Congratulations, Vonne, on completing a novel. That's no mean feat.
Of course, writing a good synopsis can be as challenging as weaving together the full scope of 80-odd thousand words.
Now, I'll admit this isn't a genre I would usually look at, so I can't comment on the story itself - though you have clearly put good thought into that side of things. (There are clues in your synopsis that there is a good story there.)
What i will comment on is the structure you've used.
You open with scene-setting. The first 28 words are pure scenery. They are an attempt to be scinematic. (Aside: this suggests you've probably done the same in the manuscript, not getting to the action fast enough.) Then, after the shark attack, you spend almost 150 words giving Josh's backstory. It is, in effect, fluffy.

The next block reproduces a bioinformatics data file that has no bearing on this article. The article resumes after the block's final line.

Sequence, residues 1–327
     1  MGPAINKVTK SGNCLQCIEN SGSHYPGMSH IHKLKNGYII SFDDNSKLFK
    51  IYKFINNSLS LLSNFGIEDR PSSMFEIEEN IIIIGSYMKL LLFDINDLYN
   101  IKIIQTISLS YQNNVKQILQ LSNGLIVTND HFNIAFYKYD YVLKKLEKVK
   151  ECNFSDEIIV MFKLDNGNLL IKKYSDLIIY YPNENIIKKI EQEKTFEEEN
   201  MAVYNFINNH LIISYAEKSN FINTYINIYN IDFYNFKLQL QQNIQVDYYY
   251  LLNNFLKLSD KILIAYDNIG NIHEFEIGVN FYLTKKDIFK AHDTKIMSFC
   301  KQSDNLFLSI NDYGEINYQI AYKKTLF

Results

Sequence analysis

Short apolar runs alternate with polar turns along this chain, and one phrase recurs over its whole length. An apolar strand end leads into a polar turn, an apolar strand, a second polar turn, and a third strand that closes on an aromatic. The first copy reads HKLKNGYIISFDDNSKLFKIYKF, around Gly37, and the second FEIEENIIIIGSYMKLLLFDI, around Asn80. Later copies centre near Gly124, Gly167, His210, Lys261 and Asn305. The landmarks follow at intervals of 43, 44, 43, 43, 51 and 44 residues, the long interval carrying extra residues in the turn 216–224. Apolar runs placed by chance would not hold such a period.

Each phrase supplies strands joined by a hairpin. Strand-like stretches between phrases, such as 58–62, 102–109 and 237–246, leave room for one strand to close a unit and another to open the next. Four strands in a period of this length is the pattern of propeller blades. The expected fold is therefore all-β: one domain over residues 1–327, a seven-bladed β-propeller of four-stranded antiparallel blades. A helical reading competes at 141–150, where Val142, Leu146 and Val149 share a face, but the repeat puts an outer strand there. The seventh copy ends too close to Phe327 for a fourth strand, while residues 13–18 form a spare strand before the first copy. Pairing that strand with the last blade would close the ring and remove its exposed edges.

Here's my take on rewriting the first 200 of your synopsis (obviously not your voice):
Prodigal scion of an Australian industrialist family, JOSH BRENNER embraces professional surfing as his vehicle for success and personal validation. In San Diego to compete, he suffers a brutal - career-crippling - shark attack. DR. MIA DE LA CRUZ, a young trauma surgeon at a nearby hospital, is first on the scene, administering first aid until an ambulance arrives, and later seeing Josh in her professional capacity.
That's 65 words, leaving more space to develop the struggles of your story. Also, you don't need to aim to hit 500 words; you should only think of it as an upper limit. Less, as they say, is more.